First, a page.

Year 1: Explore
Your first year is our Foundations program. Here you engage in learning to read visual languages and explore art practices through the intersection of studio, critical & contextual studies, and humanities & sciences. Through Fall and Spring semesters you will spend six modules discovering our resource labs, learning to situate work “within process,” and finding the value in process itself as “the work.” Here you will focus on building technical, practical, rhetorical, and conceptual skills so that you can broaden your experience, challenge yourself, and work outside your comfort zone. This year is a time in which you expand your awareness, develop experiential knowledge, and start to identify where your life’s work.
Year 2: Discover
Discover Your Voice As a sophomore, you will learn to make narrative and non-fiction films, to develop your own voice in collage-like combinations of image and sound (which is to say, in experimental film), and to get acquainted with tools such as DSLR cameras, prime lenses, light (studio and available), sound, editing, and working with actors. You will begin by working solo and go on to work with small crews. At the end of the first semester you will also make a film as a larger ensemble, with students taking roles from producer to director, art director, writer, and editor. By the end of this first full year of filmmaking you will have a good sense of whether you wish to most fully engage, in your final two years, with fiction, non-fiction or experimentation. Each semester in your Sophomore year you will study ideas and history in a Humanities and Science course, and film history in Critical and Contextual Studies: Film Language in the Fall, World Cinema Since 1960 in the Spring. Some of the films you will examine in these classes will change the way you think about motion pictures and what is possible in making and unmaking traditional narratives. You will also study some of the most important, and frequently ravishing, works of art of the 20 th and 21 st centuries.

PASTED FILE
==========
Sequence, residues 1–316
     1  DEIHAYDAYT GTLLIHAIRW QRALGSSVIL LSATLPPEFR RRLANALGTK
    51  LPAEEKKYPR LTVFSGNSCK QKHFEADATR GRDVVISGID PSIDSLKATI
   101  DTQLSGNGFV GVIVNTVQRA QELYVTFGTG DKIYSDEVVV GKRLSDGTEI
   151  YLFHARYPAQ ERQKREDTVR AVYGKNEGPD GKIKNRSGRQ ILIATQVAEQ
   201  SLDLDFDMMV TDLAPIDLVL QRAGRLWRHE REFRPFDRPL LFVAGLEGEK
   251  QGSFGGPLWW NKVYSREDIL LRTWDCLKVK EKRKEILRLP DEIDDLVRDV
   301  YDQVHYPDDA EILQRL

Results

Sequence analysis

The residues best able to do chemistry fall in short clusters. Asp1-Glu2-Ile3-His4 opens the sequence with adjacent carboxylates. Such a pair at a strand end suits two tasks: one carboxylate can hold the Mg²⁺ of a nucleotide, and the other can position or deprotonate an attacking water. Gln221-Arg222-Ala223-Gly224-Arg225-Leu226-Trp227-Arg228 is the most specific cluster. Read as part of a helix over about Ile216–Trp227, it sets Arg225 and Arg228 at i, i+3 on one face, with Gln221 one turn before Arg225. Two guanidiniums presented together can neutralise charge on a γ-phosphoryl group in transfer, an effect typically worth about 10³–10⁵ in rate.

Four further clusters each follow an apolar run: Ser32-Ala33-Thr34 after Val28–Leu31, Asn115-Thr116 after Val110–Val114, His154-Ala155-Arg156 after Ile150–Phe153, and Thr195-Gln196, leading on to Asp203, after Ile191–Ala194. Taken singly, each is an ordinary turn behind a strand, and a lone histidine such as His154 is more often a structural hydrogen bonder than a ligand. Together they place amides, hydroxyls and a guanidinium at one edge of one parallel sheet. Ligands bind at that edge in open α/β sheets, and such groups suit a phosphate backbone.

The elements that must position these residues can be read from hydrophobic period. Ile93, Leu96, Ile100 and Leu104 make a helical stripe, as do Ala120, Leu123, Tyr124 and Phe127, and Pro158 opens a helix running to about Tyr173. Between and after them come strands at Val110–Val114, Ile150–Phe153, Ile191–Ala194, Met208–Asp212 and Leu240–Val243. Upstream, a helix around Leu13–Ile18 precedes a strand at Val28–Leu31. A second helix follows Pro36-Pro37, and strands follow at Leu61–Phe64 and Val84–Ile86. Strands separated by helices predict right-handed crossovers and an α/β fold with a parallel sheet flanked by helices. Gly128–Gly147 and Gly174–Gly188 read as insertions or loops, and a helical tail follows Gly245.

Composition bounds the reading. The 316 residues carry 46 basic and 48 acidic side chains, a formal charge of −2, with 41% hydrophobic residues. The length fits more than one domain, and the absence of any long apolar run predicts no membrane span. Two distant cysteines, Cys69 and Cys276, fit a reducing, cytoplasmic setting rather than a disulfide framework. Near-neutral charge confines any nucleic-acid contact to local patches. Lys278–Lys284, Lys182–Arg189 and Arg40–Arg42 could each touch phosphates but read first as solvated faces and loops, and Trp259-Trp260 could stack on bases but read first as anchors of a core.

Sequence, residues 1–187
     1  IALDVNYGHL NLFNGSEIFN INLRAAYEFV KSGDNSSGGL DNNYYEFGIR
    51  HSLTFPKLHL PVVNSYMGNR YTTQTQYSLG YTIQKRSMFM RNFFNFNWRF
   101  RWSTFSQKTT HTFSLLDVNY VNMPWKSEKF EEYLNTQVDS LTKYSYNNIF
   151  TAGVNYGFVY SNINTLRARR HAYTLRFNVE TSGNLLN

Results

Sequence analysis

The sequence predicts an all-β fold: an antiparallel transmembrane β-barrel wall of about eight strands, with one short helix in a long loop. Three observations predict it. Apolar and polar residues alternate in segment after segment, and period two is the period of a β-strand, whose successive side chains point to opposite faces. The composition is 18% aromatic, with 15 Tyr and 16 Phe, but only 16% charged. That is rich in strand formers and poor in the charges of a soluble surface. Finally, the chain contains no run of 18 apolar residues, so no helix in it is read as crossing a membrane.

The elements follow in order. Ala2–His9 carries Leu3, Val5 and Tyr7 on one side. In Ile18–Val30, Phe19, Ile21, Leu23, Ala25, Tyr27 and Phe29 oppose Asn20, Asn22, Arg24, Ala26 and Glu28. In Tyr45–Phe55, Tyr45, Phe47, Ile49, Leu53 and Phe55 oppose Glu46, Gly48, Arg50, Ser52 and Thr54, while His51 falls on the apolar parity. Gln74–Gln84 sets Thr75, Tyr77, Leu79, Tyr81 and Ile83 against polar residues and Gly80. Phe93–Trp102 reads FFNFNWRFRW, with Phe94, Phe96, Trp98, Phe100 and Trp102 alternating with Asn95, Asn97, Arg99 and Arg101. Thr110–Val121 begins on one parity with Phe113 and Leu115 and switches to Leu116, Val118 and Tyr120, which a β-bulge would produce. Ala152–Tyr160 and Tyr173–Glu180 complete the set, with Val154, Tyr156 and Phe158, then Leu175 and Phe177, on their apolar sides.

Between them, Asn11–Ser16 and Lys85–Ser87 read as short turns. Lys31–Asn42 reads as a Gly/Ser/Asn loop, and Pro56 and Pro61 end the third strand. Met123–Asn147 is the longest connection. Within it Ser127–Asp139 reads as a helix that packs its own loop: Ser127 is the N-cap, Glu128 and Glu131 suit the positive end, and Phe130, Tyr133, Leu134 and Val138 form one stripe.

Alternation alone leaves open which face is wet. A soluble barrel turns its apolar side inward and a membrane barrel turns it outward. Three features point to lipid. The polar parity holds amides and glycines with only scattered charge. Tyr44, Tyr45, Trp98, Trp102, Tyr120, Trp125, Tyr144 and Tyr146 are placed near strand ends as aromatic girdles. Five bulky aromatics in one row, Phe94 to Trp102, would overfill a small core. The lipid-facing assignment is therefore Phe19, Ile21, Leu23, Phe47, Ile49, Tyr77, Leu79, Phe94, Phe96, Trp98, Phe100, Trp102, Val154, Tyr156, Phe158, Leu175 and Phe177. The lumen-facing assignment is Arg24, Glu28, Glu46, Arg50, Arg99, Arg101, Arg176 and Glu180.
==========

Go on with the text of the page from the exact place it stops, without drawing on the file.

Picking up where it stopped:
Year 3: Writing, Directing, Thinking, Understanding
You will come into your junior year with a solid knowledge of, and skill with, the tools along with an awareness that the combinations that can be made of light, photography, and sound are nearly infinite. In this year you will continue to explore these tools as you imagine, write, direct, and edit your own short films and act as principal crew on 4-5 others, contributing cinematography, producing or art direction to the film. Taking courses in Advanced Narrative Film and Advanced Non-Fiction Film, you will add to it a course in an innovative set of classes in arts and humanities that put old and new ways of making, thinking and understanding the world together. This is Creative Corridor. In Critical and Contextual Studies, finally, you will study Major Directors, which is a semester-long course in one or two important directors, and Major Topics and National Cinemas, a rotation of courses that, in a given year, may be Surreal Film, Japanese Cinema, French Cinema, or Global Film Noir. This is normally the year that students choose to study abroad, compete for participation in the New York Studio Residency Program, or take part in the AICAD Mobility Program.